Third Place Books and Community Bookstore (Brooklyn) are thrilled to welcome translator Classics professor Stephanie McCarter for a discussion of her new rendering of Ovid's Metamorphoses, in beautiful hardcover from Penguin Classics. In this historic new edition, Stephanie McCarter addresses accuracy in translation and its representation of women, gendered dynamics of power, and sexual violence in Ovid’s classic. McCarter will be joined in conversation by playwright and librettist Cheri Magid.
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Ovid’s Metamorphoses is an epic poem, but one that upturns almost every convention. There is no main hero, no central conflict, and no sustained objective. What it is about (power, defiance, art, love, abuse, grief, rape, war, beauty, and so on) is as changeable as the beings that inhabit its pages. The sustained thread is power and how it transforms us, both those of us who have it and those of us who do not. For those who are brutalized and traumatized, transformation is often the outward manifestation of their trauma. A beautiful virgin is caught in the gaze of someone more powerful who rapes or tries to rape them, and they ultimately are turned into a tree or a lake or a stone or a bird. The victim’s objectification is clear: They are first a visual object, then a sexual object, and finally simply an object. Around 50 of the epic’s tales involve rape or attempted rape of women. Past translations have obscured or mitigated Ovid’s language so that rape appears to be consensual sex. Through her translation, McCarter considers the responsibility of handling sexual and social dynamics.
Then why continue to read Ovid? McCarter proposes Ovid should be read because he gives us stories through which we can better explore ourselves and our world, and he illuminates problems that humans have been grappling with for millennia. Careful translation of rape and the body allows readers to see Ovid’s nuances clearly and to better appreciate how ideas about sexuality, beauty, and gender are constructed over time. This is especially important since so many of our own ideas about these phenomena are themselves undergoing rapid metamorphosis, and Ovid can help us see and understand this progression. The Metamorphoses holds up a kaleidoscopic lens to the modern world, one that offers us the opportunity to reflect on contemporary discussions about gender, sexuality, race, violence, art, and identity.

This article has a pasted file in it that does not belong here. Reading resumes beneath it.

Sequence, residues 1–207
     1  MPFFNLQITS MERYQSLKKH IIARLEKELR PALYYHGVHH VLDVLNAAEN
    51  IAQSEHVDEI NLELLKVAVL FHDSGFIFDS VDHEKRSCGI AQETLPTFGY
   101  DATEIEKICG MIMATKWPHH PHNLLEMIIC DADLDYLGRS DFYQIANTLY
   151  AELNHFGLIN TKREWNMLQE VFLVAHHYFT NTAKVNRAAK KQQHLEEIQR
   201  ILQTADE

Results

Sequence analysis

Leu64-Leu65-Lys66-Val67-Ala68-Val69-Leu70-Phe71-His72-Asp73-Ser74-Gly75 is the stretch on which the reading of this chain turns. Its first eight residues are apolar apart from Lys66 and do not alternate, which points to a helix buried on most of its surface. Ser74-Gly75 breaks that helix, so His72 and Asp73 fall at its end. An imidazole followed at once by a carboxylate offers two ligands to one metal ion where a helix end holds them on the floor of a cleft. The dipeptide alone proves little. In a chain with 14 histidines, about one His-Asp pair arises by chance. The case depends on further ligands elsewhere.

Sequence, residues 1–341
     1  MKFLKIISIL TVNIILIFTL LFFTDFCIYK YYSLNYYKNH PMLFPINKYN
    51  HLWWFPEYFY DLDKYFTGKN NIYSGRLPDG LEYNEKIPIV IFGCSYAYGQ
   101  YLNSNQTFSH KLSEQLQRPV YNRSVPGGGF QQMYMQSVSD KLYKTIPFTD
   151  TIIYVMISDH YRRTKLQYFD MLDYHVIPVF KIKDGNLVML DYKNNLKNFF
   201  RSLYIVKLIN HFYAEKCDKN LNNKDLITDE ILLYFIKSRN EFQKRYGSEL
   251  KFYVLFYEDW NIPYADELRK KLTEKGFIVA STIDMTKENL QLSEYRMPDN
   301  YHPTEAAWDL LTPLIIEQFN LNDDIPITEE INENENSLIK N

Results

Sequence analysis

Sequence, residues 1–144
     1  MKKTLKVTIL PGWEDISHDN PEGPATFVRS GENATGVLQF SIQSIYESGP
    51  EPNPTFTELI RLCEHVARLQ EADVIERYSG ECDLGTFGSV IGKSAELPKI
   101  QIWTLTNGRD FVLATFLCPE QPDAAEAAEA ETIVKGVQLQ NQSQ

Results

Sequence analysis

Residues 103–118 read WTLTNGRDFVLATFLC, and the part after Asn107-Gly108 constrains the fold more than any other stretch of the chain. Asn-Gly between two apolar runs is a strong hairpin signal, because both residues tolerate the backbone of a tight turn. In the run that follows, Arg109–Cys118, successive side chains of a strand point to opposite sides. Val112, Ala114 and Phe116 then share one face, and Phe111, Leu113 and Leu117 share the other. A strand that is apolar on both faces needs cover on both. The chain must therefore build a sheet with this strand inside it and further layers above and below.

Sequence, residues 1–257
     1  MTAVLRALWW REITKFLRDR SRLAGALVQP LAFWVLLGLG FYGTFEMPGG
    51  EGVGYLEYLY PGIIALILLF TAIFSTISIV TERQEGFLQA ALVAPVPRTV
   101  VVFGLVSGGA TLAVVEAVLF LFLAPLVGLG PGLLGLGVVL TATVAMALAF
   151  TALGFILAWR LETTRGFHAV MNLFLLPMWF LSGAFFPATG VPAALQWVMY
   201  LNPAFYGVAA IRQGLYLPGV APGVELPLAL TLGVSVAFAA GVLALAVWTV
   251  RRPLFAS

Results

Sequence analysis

“The Metamorphoses has it all: sex, death, love, violence, gods, mortals, monsters, nymphs, all the great forces, human and natural. With this vital new translation, Stephanie McCarter has not only updated Ovid's epic of transformation for the modern ear and era --- she's done something far more powerful. She's paid rigorous attention to the language of the original and brought to us its ferocity, its sensuality, its beauty, its wit, showing us how we are changed, by time, by violence, by love, by stories, and especially by power. Here is Ovid, in McCarter's masterful hands, refreshed, renewed, and pulsing with life.”
—Nina MacLaughlin, author of Wake, Siren: Ovid Resung
“Stephanie McCarter’s gorgeous verse translation of the Metamorphoses is ground-breaking not just in its refreshingly accessible approach to Ovid’s syntax and formal devices but for how she reframes the controversial subjects that have made Ovid, and Ovidian scholarship, so fraught for contemporary readers. McCarter’s translation understands that the Metamorphoses is a complex study of power and desire, and the dehumanizing ways that power asserts itself through and on a variety of bodies. McCarter’s deft, musical, and forthright translation returns much needed nuance to Ovid’s tropes of violence and change, demonstrating to a new generation of readers how our identities are always in flux, while reminding us all of the Metamorphoses’ enduring relevance.”
—Paisley Rekdal, author of Nightingale
Stephanie McCarter is a professor of Classical Literature at the University of the South in Sewanee, TN. She has previously published two books on Latin poetry, including a translation of Horace’s Epodes, Odes, and Carmen Saeculare. Her writing has appeared in The Sewanee Review, Electric Literature, Literary Hub, The Millions, Lapham’s Quarterly, Hyperallergic, Psyche, Eidolon, and elsewhere.
Cheri Magid is currently writing a scripted podcast, The Classics, which will star Sarah Jessica Parker, for Audible UK. Her film/play A Poem and a Mistake was presented by Australian Centre for Contemporary Art in Melbourne in 2021 as part of their exhibit An Autobiography of Daphne, featured in the BBC Radio 4 podcast Modern Metamorphoses, and will be performed live at Delaware Rep in 2023. The Sydney Morning Herald says of A Poem, “You’ll never think of classical literature again without these women coming into your head.” Cheri’s opera Penelope and the Geese, for which she wrote the libretto, aired on Autogram, Radio Belgrade 2 in Belgrade, Serbia May 2022 and will be performed in May 2023 at UNAM’s El Aleph Festival in Mexico City. She also wrote for the Emmy-award-winning children’s television show Arthur and is an Assistant Arts Professor in Dramatic Writing at New York University.
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